Hmm, yeah, I suppose that makes sense.
I should have qualified that modern low-bitrate mp3 was passable at least, even if there are better alternatives. I do still listen to radio and internet radio after all :/
We might crow but content > presentation still.
-------- Original Message --------
From: Marcos Sueiro Bal <[log in to unmask]>
Sent: Wednesday, May 17, 2017 08:21 AM
To: [log in to unmask]
Subject: Re: [ARSCLIST] Mp3 is officially dead
> Good points. However, I would submit that an ABX test situation is pretty un-natural to begin with, and will (1) likely require critical listening (2) look for consistently detected *differences* between A and B. As for non-critical listening, the proof is in the market pudding --if low-bitrate MP3s were so bad, they would not be so ubiquitous. (Same as with compact cassettes, VHS, or telephone receivers) However, I agree with you that using the umbrella term "MP3" (or "LP" or "tape" for that matter) is not very useful --the bit-rate is extremely important. Which is why I prefer "extreme" tests, which test the limits of both the format and our perception.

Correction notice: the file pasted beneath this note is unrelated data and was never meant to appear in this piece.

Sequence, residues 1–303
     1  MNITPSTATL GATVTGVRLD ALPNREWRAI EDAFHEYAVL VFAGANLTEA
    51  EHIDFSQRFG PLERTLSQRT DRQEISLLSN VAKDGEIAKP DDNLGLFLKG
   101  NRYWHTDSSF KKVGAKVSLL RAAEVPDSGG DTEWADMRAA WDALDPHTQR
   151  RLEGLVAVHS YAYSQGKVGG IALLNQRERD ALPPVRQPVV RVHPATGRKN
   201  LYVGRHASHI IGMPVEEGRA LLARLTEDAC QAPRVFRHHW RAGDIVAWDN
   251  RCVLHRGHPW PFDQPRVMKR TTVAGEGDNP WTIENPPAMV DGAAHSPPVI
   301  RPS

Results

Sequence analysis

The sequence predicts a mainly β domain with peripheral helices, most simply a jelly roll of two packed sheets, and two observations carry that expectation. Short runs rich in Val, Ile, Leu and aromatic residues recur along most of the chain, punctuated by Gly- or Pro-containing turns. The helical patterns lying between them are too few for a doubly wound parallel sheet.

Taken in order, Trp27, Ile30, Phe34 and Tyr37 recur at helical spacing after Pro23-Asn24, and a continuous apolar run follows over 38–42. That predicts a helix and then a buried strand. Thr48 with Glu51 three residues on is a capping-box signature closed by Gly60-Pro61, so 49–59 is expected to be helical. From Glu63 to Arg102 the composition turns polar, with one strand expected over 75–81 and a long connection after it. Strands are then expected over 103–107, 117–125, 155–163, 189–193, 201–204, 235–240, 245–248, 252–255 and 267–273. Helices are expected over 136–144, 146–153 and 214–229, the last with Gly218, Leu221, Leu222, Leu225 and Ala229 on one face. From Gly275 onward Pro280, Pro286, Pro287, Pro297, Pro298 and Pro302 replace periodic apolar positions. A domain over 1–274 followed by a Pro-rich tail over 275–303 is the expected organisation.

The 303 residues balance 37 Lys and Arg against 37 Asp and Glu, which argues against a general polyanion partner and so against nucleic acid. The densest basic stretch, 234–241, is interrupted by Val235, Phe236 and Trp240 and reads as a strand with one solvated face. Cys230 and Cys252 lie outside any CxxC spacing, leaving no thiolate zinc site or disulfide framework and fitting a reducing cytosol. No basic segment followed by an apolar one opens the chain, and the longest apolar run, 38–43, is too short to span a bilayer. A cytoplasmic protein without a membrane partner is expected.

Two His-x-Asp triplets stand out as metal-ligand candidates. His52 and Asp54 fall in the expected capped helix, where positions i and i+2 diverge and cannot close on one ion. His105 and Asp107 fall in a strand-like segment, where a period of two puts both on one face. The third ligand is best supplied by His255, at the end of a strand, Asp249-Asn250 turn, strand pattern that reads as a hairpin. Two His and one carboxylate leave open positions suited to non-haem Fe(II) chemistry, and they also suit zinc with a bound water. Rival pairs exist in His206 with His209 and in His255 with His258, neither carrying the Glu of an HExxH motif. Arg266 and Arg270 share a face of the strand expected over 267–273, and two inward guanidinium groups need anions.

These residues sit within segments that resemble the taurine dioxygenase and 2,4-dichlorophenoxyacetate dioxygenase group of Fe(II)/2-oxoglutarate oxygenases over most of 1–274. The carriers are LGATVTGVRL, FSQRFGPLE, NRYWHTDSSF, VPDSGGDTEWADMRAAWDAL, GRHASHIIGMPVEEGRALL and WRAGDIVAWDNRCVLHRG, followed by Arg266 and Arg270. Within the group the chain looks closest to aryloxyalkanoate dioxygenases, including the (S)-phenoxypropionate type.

> Glad you enjoyed the sources!
> Marcos Sueiro Bal
> Senior Archivist, New York Public Radio
> 646 829 4063
> -----Original Message-----
> From: Association for Recorded Sound Discussion List [mailto:[log in to unmask]] On Behalf Of Eli Bildirici
> Sent: Tuesday, May 16, 2017 4:19 PM
> To: [log in to unmask]
> Subject: Re: [ARSCLIST] Mp3 is officially dead
> These are good critiques - the sample size also struck me right away - though it is not the only study to come to such conclusions (I don't have them handy unfortunately). Phrasing the question as you did though sounds problematic - if people are asked to pick out artifacts it might put them in a 'critical' frame of mind that could skew results somehow, right? I don't doubt people would begin 'hearing things' in pristine, uncompressed sources.
> These resources seem pretty cool though - looking forward to perusing them, thanks for sharing!